Open

Coming up

Don't miss

Replay


LATEST SHOWS

WEB NEWS

USA : Ebola Halloween costumes spark outrage online

Read more

THE OBSERVERS

"Flying coffins" in Ivory Coast and a rich Maltese couple rescuing migrants

Read more

IN THE PAPERS

Jokowi: 'A new hope' for Indonesia

Read more

IN THE PAPERS

Christophe de Margerie, a jovial and strategic boss

Read more

AFRICA NEWS

Exiled family returns to Somaliland

Read more

DEBATE

Whose boots on the ground? Turkey wary of Syrian Kurds (part 2)

Read more

DEBATE

Whose boots on the ground? Turkey wary of Syrian Kurds

Read more

THE INTERVIEW

Interview: Ebola 'a wake-up call', says World Bank chief

Read more

TALKING EUROPE

Dacian Ciolos, EU Commissioner for Agriculture and Rural Development

Read more

Middle east

First census in two decades is delayed indefinitely

Text by NEWS WIRES

Latest update : 2009-08-17

The first population census in Iraq in two decades will be delayed indefinitely because of a land dispute in the country's north pitting Kurdish autonomous authorities against the central government in Baghdad.

AFP - Iraq will delay indefinitely its first census in two decades because of political wrangling over disputed areas in the country's north, Planning Minister Ali Baban said on Sunday.
  
The census was due to have been held on October 24.
  
"The planning ministry is ready to do the census technically," Baban told reporters following talks in the holy city of Najaf with Iraq's supreme Shiite religious authority, Grand Ayatollah Ali Husseini al-Sistani.
  
"But because of some reservations from some political parties in Kirkuk and Nineveh provinces, we have decided to delay it to another time," he added, without specifying a date.
  
Planning ministry spokesman Abdul Zahra al-Hindawi said the census could potentially be held in April or October 2010.
  
Kirkuk and Nineveh provinces are both in northern Iraq bordering the autonomous Kurdistan region, and are at the centre of a land dispute between the central government in Baghdad and Kurdish authorities in Arbil.
  
There are fears that the dispute between the two sides, particularly over the fate of the oil-rich city of Kirkuk, could trigger open conflict.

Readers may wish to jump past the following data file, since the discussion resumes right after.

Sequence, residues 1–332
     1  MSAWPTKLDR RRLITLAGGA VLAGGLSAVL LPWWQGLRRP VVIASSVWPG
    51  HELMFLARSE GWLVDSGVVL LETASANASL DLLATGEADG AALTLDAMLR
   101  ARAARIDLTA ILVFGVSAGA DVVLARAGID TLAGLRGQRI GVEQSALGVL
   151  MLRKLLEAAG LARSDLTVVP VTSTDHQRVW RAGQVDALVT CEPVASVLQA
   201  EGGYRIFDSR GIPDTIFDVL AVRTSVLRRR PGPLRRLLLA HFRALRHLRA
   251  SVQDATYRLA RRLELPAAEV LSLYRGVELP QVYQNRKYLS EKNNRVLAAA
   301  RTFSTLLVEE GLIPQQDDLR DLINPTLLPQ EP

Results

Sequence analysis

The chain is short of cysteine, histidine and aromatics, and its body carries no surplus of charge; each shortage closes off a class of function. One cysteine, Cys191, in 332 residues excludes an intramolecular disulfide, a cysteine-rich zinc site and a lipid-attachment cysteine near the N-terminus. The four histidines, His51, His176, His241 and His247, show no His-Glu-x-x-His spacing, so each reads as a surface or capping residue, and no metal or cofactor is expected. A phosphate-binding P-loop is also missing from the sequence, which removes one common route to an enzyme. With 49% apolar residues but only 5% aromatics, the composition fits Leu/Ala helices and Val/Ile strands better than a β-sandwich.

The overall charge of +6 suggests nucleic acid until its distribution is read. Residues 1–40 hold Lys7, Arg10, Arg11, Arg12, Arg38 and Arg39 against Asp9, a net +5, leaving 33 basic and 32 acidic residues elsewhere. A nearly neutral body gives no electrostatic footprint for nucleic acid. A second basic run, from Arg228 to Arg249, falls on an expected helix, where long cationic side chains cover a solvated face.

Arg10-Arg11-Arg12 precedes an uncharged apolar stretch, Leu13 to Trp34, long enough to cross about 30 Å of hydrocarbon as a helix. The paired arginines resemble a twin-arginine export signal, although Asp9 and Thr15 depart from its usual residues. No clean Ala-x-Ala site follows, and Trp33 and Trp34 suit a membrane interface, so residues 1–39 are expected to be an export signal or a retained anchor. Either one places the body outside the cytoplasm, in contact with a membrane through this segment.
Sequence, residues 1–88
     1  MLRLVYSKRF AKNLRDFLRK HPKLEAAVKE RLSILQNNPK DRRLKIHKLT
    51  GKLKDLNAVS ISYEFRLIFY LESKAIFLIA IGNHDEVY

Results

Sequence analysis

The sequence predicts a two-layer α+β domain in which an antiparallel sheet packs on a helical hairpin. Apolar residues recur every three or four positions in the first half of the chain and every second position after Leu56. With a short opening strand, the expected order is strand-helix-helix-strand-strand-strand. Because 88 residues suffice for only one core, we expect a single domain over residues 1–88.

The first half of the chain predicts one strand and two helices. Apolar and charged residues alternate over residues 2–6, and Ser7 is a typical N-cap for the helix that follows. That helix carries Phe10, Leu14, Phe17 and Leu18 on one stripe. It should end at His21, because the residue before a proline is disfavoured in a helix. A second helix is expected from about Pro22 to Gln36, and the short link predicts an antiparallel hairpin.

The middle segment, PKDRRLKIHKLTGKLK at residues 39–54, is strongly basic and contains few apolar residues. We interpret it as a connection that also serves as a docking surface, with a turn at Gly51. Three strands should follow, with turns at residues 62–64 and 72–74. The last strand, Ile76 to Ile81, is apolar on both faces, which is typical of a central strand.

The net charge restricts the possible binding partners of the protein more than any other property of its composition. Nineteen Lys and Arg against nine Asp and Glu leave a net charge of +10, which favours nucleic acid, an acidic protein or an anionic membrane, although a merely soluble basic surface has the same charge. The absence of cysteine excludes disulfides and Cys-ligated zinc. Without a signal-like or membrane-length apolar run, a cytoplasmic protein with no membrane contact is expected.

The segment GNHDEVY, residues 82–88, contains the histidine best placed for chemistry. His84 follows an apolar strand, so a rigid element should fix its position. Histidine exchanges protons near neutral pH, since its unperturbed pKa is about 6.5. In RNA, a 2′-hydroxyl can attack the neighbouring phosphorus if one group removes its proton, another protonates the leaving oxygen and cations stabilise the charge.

Kurdish peshmerga fighters moved into the disputed areas in Kirkuk, Nineveh, Diyala and Saleheddin along the Kurdish region's border with the rest of Iraq during the 2003 US-led invasion that toppled dicator Saddam Hussein.
  
The authorities in Arbil want them to be part of an expanded autonomous region, while Baghdad has pushed for direct control of the regions.
  
Determined not to concede any ground in their territorial claims, members of the Kurdish regional parliament recently approved a new constitution formalising their claims to Kirkuk and the other disputed areas.
  
With US-backing, the United Nations has proposed a compromise solution in which Kirkuk would be given a special status with links to both the central government and the Kurdish regional authorities.
  
However neither side has shown much interest so far in the plan.
  
The census was set to be the first conducted nationwide since 1987, at a time when Saddam's regime was still on good terms with the West before its 1990 invasion of Kuwait.
  
That count gave a total population figure of 16 million. The United Nations puts the current population at 29.6 million.
  
October's census was to have asked Iraqis their religion, but amid the super-sensitive divide between Iraq's Shiite Muslim majority and its Sunni Muslim former elite, householders would not be asked to specify their sect.
  
The census was to have been carried out by a quarter of a million assessors recruited from among Iraqi schoolteachers.

Date created : 2009-08-17

COMMENT(S)